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Tuesday, 24 June 2003
Page: 17288


Mr PYNE (2:51 PM) —My question is addressed to the Minister for Ageing, representing the Minister for Health and Ageing. Would the minister update the House on the progress of the Howard government's successful More Doctors for Outer Metropolitan Areas program? Would the minister also update the House on a recent announcement related to this program? Is the minister aware of any alternative policies?


Mr ANDREWS (Minister for Ageing) —I thank the member for Sturt for his question and his interest in the subject of doctors in the work force in outer metropolitan areas. I say to the House that the Howard government is committed to improving access to doctors right across Australia. In relation to the rural and remote areas of Australia, between 1997-98 and 2000-01 there was an increase from 5,700 doctors to 6,363—an 11.5 per cent increase. That program, which is being successful in rural and remote areas of Australia, is also being successful now with the $80 million More Doctors for Outer Metropolitan Areas measure, which was announced in the 2002-03 budget.

An essential component of this program is the relocation incentive grants to help health professionals to move to the outer metropolitan areas of Australia's major cities. Under this relocation incentive, doctors in inner metropolitan areas can apply for grants of up to $20,000 to move to existing practices in outer metropolitan areas or $30,000 if they are going to establish new practices in outer metropolitan areas. The program is also available for general practice registrars in the general training pathway who have finished their training and are eligible for the incentive payments.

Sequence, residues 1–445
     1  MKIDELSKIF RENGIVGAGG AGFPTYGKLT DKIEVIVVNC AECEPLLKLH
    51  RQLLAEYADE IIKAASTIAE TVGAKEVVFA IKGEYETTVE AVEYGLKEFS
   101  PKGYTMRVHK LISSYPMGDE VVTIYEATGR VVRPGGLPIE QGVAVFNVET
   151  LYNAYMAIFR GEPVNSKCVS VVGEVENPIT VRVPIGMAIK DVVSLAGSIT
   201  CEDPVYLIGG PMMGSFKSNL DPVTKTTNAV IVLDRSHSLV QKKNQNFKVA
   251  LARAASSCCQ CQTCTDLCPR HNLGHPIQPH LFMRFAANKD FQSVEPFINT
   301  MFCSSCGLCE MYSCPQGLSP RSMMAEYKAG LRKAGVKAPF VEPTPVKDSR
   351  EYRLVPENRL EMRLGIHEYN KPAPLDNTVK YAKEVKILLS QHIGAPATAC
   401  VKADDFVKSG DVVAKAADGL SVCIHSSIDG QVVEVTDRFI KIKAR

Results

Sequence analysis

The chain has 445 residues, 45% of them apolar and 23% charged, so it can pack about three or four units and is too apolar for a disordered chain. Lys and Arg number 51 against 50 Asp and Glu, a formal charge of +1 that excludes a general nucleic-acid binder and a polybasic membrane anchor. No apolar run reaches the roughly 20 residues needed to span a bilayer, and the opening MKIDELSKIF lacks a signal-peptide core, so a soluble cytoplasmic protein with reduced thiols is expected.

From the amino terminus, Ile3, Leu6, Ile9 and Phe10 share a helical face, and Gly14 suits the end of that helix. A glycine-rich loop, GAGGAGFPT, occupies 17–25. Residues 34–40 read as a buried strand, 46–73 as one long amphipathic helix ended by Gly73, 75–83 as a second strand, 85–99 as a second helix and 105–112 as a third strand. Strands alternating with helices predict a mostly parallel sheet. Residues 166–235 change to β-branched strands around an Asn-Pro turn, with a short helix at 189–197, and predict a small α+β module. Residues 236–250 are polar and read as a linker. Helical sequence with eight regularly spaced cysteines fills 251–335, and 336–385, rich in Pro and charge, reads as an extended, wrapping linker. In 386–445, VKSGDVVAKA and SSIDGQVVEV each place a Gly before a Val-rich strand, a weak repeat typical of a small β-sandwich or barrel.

The government, under this component of the program, set a target of 150 doctors over a four-year period under the overall program. I can indicate to the House and to the member for Sturt today that, since the announcement in March of this year, in just on three months 75 doctors have taken up placements or agreed to permanently relocate to the outer metropolitan suburbs. So, having set ourselves a target of 150 over four years, we have actually delivered, or are in the process of delivering, 75—half the target within the first three months of the program. Of these 75 health professionals, 52 are doctors, 22 are general practice registrars and one is a specialist trainee. The $30,000 incentive for inner city doctors to relocate has, therefore, been extended by the government to 31 December, which will give more urban doctors the opportunity to take up the initiative. This will be complemented by the measures in the A Fairer Medicare package, which aims to boost the work force of doctors, particularly in the hinterlands of the six major capital cities of Australia.

I was asked whether or not there were any alternative policies. Of course, what we were left when we came to government was a huge maldistribution of doctors: too few in regional and rural Australia and too few in the outer metropolitan areas of Australia. The ALP's response is to continue to ignore the outer metropolitan areas of Australia. It has made no commitment to keep these work force initiatives of this government. In fact, its wasteful Medicare proposals would do nothing about doctors in outer metropolitan areas. The ALP has no plans to send doctors where they are most needed—no plans whatsoever. It has no outer metropolitan medical work force scheme and it has no commitment to keep such a program. One thing is sure, and that is that under the coalition government there will always be more doctors in outer metropolitan Australia.